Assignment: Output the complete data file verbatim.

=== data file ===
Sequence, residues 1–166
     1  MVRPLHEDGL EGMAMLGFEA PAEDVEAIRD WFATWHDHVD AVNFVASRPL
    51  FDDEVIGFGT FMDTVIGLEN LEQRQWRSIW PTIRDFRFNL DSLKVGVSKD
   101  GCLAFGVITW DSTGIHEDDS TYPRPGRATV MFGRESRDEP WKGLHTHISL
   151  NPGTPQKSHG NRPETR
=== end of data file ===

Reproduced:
Sequence, residues 1–166
     1  MVRPLHEDGL EGMAMLGFEA PAEDVEAIRD WFATWHDHVD AVNFVASRPL
    51  FDDEVIGFGT FMDTVIGLEN LEQRQWRSIW PTIRDFRFNL DSLKVGVSKD
   101  GCLAFGVITW DSTGIHEDDS TYPRPGRATV MFGRESRDEP WKGLHTHISL
   151  NPGTPQKSHG NRPETR